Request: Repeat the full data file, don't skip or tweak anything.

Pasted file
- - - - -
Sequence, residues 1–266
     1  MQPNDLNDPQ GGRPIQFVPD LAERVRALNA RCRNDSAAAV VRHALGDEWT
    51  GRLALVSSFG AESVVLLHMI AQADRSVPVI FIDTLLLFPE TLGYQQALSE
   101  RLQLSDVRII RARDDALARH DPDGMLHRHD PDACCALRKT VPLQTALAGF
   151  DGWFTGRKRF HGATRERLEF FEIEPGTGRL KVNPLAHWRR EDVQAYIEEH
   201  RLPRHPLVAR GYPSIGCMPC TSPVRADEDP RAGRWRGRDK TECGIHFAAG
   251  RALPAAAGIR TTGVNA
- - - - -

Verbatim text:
Sequence, residues 1–266
     1  MQPNDLNDPQ GGRPIQFVPD LAERVRALNA RCRNDSAAAV VRHALGDEWT
    51  GRLALVSSFG AESVVLLHMI AQADRSVPVI FIDTLLLFPE TLGYQQALSE
   101  RLQLSDVRII RARDDALARH DPDGMLHRHD PDACCALRKT VPLQTALAGF
   151  DGWFTGRKRF HGATRERLEF FEIEPGTGRL KVNPLAHWRR EDVQAYIEEH
   201  RLPRHPLVAR GYPSIGCMPC TSPVRADEDP RAGRWRGRDK TECGIHFAAG
   251  RALPAAAGIR TTGVNA